Top Ten Safety Tips As Arctic Blast Covers U.S.
Bitter arctic air and a winter storm system are putting most of the country in a deep chill through the weekend with major ice storms, power outages and temperatures ten to 30 degrees below normal. The American Red Cross has ten ways people can stay safe during the deep freeze.
COLD SAFETY TIPS
1. Wear layers of lightweight clothing to stay warm. Gloves and a hat will help prevent losing your body heat.
2. Bring pets indoors. If they can’t come inside, make sure they have enough shelter to keep them warm and that they can get to unfrozen water.
3. Protect your pipes - run water, even at a trickle, to help prevent your pipes from freezing. Open the kitchen and bathroom cabinet doors to allow warmer air to circulate around the plumbing. Be sure to move any harmful cleaners and household chemicals out of the reach of children. Keep the garage doors closed if there are water lines in the garage.
4. Keep the thermostat at the same temperature day and night. Your heating bill may be a little higher, but you could avoid a more costly repair job if your pipes freeze and burst.
5. If you are using a space heater, place it on a level, hard surface and keep anything flammable at least three feet away – things such as paper, clothing, bedding, curtains or rugs. Turn off space heaters and make sure fireplace embers are out before leaving the room or going to bed.
6. Never use a stove or oven to heat your home.
7. If you are using a fireplace, use a glass or metal fire screen large enough to catch sparks and rolling logs.
8. Use generators correctly – never operate a generator inside the home, including in the basement or garage.
9. Don’t hook a generator up to the home’s wiring. The safest thing to do is to connect the equipment you want to power directly to the outlets on the generator.
10. Download the American Red Cross First Aid App for quick, expert advice on what to do in case of an emergency. This free app is available on the Apple iTunes or Google Play stores. See all Red Cross apps at redcross.org/mobileapps.
For more information on how to stay safe this winter, visit the winter storm safety information available on this web site.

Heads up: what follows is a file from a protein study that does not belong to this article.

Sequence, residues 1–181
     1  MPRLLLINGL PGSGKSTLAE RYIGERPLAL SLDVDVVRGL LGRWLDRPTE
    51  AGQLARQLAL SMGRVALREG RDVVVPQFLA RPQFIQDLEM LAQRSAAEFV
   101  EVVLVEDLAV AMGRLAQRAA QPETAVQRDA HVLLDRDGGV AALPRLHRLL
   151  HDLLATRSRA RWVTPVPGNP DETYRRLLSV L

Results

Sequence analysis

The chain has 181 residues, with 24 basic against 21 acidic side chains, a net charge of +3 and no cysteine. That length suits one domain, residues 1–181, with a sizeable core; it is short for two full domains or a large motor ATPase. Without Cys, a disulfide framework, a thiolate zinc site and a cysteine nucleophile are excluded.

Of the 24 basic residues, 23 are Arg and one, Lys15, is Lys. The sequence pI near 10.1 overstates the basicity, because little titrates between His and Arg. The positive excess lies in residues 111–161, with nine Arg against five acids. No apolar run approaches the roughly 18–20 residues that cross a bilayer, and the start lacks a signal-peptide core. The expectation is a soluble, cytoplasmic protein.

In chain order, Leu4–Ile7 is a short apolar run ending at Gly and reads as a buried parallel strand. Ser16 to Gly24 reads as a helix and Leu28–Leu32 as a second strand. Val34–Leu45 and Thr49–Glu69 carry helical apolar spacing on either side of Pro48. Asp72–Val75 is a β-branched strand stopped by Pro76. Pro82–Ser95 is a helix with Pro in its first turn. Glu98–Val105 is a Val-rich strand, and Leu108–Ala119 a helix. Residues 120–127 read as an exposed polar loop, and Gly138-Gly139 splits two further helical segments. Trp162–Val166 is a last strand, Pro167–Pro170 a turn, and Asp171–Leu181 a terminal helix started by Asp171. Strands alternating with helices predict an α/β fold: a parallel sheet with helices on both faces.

PLEASE GIVE BLOOD The winter storm striking much of the country has forced the cancellation of 35 Red Cross blood drives in seven states, resulting in a shortfall of more than 1,100 blood and platelet donations since Wednesday. While the Red Cross blood supply is currently sufficient to meet hospital demand, winter is always a challenging time to ensure enough blood is on the shelves. While all blood types are needed, the Red Cross especially urges all eligible donors with blood types O positive, O negative, A negative and B negative to make a lifesaving appointment.
Donors in unaffected areas are encouraged to make and keep blood and platelet donation appointments to help offset the current shortfall. Donors in affected areas are urged to give blood or platelets once the storm has passed and travel is deemed safe. Appointments can be online at redcrossblood.org or by calling 1-800-RED CROSS. To give blood, someone must be at least 17 years of age, meet weight and height requirements and be in general good health. Donors should bring their Red Cross blood donor card or other form of positive ID with them. Some states allow 16-year-olds to give with parental consent.
About the American Red Cross:
The American Red Cross shelters, feeds and provides emotional support to victims of disasters; supplies about 40 percent of the nation's blood; teaches skills that save lives; provides international humanitarian aid; and supports military members and their families. The Red Cross is a not-for-profit organization that depends on volunteers and the generosity of the American public to perform its mission. For more information, please visit redcross.org or cruzrojaamericana.org, or visit us on Twitter at @RedCross.